Search Room - Mrs. Shirani Patabandi, Record Indexing Officer-Tel: +94 11 2696917/+94 11 2694523
Library - .P. Pieris, Archival Assistant - Tel: +94 11 2696917/+94 11 2694523


Marriage Certificate

Question : I wish to get a copy of my marriage certificate. We were married on 22.08.66 at Kurunegala.

Answer: Contact the Additional District Registrar at the Divisional Secretariat Office at KurunegalaFee for certified copy of a marriage certificate is,(i) If the registered number and the date of registration is known - 25 SL rupees per each copy(ii) If the registered number is not known and the date of registration is known, search of registry for three month entry - 50 SL rupees per each copy(iii) If you know only the year of marriage, search of registers only for a period not exceeding two years entry - 100 SL rupees per each copy


Death Certificate

Question : My mother ’s Death Certificate has been misplaced. How can I obtain a copy of the same?

Answer: You can obtain a certified copy of the death certificate from the Additional District Registrar at the Divisional Secretariat Office relevant to the place of death occurred. Fee for obtaining certified copies of death certificates are,(i) If the registered number and the date of death is known - 25 Rupees(ii) If do not know the registered number, but the date of birth is known, for 3 month search of registry - 50 Rupees(iii) If you know only the year of death, for 2 year search of registry - 100 Rupees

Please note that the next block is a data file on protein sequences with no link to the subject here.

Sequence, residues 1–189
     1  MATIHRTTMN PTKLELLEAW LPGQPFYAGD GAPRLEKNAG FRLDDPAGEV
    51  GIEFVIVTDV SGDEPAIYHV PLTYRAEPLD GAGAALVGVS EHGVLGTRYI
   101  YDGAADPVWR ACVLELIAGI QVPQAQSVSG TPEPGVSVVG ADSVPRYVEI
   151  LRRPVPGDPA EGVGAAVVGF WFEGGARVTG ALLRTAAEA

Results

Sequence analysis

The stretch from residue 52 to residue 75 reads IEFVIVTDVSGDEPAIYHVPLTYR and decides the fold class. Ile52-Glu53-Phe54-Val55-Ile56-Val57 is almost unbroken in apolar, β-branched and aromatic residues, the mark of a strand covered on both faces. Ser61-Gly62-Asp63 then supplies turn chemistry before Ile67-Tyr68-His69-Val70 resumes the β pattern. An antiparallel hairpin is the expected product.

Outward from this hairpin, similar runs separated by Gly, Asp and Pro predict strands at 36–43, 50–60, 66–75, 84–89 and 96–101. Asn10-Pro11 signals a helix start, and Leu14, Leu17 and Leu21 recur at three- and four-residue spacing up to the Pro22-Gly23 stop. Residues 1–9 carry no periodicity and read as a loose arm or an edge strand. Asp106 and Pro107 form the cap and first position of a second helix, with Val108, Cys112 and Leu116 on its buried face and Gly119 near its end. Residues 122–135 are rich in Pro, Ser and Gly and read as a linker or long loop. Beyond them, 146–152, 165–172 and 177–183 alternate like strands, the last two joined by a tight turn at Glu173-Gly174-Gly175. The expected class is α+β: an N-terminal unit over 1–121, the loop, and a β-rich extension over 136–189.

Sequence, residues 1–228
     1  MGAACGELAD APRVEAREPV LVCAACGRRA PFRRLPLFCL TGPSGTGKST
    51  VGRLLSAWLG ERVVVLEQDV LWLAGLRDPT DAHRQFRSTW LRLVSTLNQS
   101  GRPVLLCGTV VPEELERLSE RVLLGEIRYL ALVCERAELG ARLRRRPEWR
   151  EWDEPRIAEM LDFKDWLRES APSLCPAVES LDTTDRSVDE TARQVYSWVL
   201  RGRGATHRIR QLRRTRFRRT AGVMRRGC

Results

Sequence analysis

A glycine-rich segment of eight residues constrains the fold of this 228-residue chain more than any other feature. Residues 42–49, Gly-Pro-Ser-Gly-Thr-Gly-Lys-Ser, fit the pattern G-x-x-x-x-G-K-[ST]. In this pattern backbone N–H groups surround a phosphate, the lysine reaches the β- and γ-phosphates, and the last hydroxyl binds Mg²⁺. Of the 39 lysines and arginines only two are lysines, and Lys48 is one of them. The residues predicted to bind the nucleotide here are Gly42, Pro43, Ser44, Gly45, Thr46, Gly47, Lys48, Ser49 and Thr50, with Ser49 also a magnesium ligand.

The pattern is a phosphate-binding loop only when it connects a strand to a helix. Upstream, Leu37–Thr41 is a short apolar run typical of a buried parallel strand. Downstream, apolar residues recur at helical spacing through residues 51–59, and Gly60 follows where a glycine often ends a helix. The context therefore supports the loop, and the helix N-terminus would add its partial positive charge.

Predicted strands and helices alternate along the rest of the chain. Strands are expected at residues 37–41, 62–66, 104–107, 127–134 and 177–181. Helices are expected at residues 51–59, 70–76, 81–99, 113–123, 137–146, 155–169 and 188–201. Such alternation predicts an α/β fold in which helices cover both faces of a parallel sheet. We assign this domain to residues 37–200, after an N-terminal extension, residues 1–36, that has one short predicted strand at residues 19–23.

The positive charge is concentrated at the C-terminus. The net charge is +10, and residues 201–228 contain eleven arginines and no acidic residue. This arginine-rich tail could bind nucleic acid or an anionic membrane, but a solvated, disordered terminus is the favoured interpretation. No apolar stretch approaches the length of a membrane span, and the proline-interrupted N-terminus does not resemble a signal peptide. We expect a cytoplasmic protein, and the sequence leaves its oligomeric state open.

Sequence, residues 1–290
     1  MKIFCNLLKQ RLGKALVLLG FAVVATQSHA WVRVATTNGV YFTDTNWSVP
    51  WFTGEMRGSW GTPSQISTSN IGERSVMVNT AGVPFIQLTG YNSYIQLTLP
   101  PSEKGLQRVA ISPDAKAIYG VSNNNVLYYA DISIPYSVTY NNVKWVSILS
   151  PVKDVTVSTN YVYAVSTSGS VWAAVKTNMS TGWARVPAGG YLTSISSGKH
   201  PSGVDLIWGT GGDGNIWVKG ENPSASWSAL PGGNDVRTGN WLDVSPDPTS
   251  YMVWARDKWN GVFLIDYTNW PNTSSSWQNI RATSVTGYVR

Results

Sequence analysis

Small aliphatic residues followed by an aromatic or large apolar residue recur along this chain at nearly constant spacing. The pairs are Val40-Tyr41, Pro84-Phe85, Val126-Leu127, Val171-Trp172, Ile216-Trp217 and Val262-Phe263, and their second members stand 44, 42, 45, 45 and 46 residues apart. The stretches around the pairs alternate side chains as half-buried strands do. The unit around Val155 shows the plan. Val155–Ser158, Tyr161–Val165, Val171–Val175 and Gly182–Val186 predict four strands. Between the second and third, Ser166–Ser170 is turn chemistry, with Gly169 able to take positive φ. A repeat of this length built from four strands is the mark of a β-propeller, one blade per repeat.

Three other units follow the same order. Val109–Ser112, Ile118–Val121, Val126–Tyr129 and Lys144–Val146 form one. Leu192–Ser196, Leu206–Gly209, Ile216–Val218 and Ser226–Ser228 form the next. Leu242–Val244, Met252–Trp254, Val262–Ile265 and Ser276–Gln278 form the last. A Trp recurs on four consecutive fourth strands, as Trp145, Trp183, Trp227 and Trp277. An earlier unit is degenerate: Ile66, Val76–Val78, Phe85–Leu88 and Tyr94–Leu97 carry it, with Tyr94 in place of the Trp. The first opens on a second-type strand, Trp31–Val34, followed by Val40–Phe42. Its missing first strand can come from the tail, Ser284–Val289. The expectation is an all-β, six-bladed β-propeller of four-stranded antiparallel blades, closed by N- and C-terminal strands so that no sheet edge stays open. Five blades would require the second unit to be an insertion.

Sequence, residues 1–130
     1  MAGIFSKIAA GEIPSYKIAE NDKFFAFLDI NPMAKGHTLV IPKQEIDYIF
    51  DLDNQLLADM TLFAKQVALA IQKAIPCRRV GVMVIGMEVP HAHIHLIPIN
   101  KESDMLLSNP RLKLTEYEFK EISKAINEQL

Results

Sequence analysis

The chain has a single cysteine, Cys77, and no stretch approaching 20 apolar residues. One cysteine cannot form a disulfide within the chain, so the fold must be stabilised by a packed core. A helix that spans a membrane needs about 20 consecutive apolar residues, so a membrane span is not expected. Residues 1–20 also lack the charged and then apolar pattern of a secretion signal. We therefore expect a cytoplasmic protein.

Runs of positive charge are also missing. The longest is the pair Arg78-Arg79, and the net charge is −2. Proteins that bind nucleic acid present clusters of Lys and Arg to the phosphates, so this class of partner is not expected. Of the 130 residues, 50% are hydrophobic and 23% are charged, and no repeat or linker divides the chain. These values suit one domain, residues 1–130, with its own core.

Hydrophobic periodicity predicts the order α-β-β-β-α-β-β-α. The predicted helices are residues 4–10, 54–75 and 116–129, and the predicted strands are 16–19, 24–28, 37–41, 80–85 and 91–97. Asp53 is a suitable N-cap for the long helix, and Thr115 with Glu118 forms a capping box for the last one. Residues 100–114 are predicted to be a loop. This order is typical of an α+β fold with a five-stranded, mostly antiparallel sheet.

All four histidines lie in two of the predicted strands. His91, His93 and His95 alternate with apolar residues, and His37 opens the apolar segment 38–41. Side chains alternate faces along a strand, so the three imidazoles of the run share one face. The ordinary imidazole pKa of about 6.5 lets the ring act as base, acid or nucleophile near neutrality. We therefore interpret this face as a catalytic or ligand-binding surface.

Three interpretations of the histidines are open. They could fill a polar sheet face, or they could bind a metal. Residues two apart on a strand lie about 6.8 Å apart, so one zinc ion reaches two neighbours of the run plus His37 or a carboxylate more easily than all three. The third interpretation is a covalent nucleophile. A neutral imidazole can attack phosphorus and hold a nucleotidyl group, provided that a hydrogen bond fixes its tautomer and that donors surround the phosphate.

Visiting Parliament

Question: We like to visit the Parliament. Please let me know the procedure to be followed?

Answer: General Details - Any Member of the Public may visit the public galleries of Parliament either as a group or individually on any sitting or non-sitting day. Visits are arranged for 30 minutes duration between 9.30 a.m. to 3.30 p.m. on non-sitting days and till the end of the sessions on any sitting day. Time of Sittings Unless Parliament otherwise decides, Parliament shall meet in two alternate weeks in each month commencing after the first Sunday of each month and shall sit on the Tuesdays, Wednesdays, Thursdays and Fridays of the first and third of such weeks. Parliament does not ordinarily sit on Saturdays and Sundays and other holidays and the sittings of Parliament are usually held from 1.00 p.m. to 7.30 p.m. On some days the sittings might be extended beyond 7.30 p.m. During the budget period, generally, the allotted hours of sittings shall be 9.30 a.m. to 12.30 p.m. and 1.00 p.m. to 7.00 p.m. and may subject to change from time to time.

Permission to visit Galleries

In order to visit the Public Galleries, permission needs to be obtained from the Serjeant-at-Arms. Such a request may be made by contacting the Parliament directly or by completing and forwarding an Inquiry Form. In your inquiry you would have to furnish the following details: Full Names and addresses of the visitors, National Identity Card (NIC) numbers of the visitors, date and time of visit, purpose of visit.

Your contact details

Once your details have been processed the Serjeant -at- Arms would contact you to confirm your request and in turn would issue the pass to enter the Parliamentary Complex.